SEMI-FINAL victory hurt so good for Collingwood at the MCG last night. In yet another epic of football as tug-of-war, the Magpies dug in their heels to beat West Coast by 13 points.
It was a victory achieved by hearts at once big and hollow, for they had dedicated this night to the memory of former teammate John McCarthy, who died in a tragic accident in Las Vegas last week.
When it was done, the MCG was littered with spent bodies; it looked like the scene of accident. From some Collingwood players, the tears flowed, mostly in mourning. Uniquely, the mood in the winners' rooms was as sombre as in the losers'.
Bittersweet victory: Magpies Sharrod Wellingham, Jarryd Blair and Dayne Beams shed a tear for John McCarthy. Photo: Paul Rovere
The Magpies' prize is what will doubtlessly be another pitched battle against Sydney next Friday in a preliminary final. Beyond, tantalisingly, awaits another grand final. History would not be denied, twice over. Again, Collingwood proved an impenetrable force field for the Eagles. And again, the season's top four becomes the final four. History informs next week's speculations, too: the Magpies have won their last 11 matches against the Swans.
This contest was won and lost by a series of mighty wrenches. The Eagles kicked the first four goals of the game, at which point the Magpies were tottering. Daniel Kerr scarcely bothered to celebrate the fourth; it was no more than a formality at the time. Actually, it was merely the opening gambit.
It took Collingwood until after half-time to haul themselves back to parity. Then, the mercurial Dale Thomas made Collingwood's ascendancy his personal business, kicking three goals in seven minutes in an effervescent burst at the start of the second half.
In such a meeting of irresistible force and immovable obstacle, this was a contribution from another dimension.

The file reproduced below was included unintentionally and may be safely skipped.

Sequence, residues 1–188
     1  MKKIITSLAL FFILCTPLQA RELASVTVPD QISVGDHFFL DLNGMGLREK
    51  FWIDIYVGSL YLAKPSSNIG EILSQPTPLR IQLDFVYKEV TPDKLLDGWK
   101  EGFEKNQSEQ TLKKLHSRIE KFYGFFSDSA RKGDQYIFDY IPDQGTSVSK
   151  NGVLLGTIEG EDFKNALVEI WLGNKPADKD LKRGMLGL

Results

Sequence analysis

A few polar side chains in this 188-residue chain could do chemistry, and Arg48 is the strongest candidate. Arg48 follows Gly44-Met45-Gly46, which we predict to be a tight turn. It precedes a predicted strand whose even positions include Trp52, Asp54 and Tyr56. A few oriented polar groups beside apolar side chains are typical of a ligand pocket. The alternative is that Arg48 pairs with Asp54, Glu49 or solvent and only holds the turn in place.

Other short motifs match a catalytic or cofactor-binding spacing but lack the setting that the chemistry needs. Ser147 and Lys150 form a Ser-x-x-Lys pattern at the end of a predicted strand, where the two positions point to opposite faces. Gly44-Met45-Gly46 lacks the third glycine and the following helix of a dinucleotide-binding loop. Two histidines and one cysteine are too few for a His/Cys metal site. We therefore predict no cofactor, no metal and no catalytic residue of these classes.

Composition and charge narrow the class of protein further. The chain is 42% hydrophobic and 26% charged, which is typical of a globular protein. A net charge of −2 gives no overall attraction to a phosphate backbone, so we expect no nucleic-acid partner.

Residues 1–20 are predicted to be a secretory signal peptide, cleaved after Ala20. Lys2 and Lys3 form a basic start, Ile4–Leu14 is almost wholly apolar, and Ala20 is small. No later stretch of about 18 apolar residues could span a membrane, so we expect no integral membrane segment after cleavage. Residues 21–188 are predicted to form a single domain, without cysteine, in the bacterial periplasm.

But the Eagles redoubled their efforts, and early in the last quarter inched back into the lead. Once again, the Magpies had to reach deep within; once again, they did. But if this match had lasted another minute, the rope surely would have snapped.
Between convulsions, this match was always twitching this way and that. Pre-match, the talk was all of the Eagles' big bodies, but this night they would be cut down to size. The Eagles made what has become the traditional West Australian flying start in these finals, and then were rampant. Collingwood’s only riposte, a goal snapped by Andrew Krakouer out of a goal-mouth frenzy, was belatedly struck off when a replay showed that Andrew Embley had rushed the ball over the line beforehand. It seemed ominous then.
But the Magpies, nothing if not resilient, elbowed their way back into the match. The second quarter was a 1-1 draw. Collingwood had the preponderance of possession, but not penetration. The Eagles threatened constantly on the break. At half-time, the Magpies led on almost every vital sign except the scoreboard.
Thomas, a bystander last week, singlehandedly gave the match a violent lurch at the start of the third quarter. In a draining contest, the Magpies seemed to have found a new store of energy, perhaps by plugging into the crowd, or into their memories of McCarthy.
Again, the Eagles spent the rest of the quarter taming the Pies. They did not kick a goal for themselves until after the three-quarter time siren, but added two more within five minutes of the start of the last quarter to seize the lead and and sent a shiver around the MCG. None of the 65,500 crowd could have known then that Eagles would not score again in the match.
Both sides now were playing on heart alone; all their physical reserves were spent. Typically, the Magpies gathered themselves and kicked the last five scores of the night, but widely spaced. They even summoned up a last burst of running to keep the ball out of the Eagles’ reach. The Collingwood crowd roused itself for one last chant, but it died away quickly. No-one at the MCG had a breath to spare.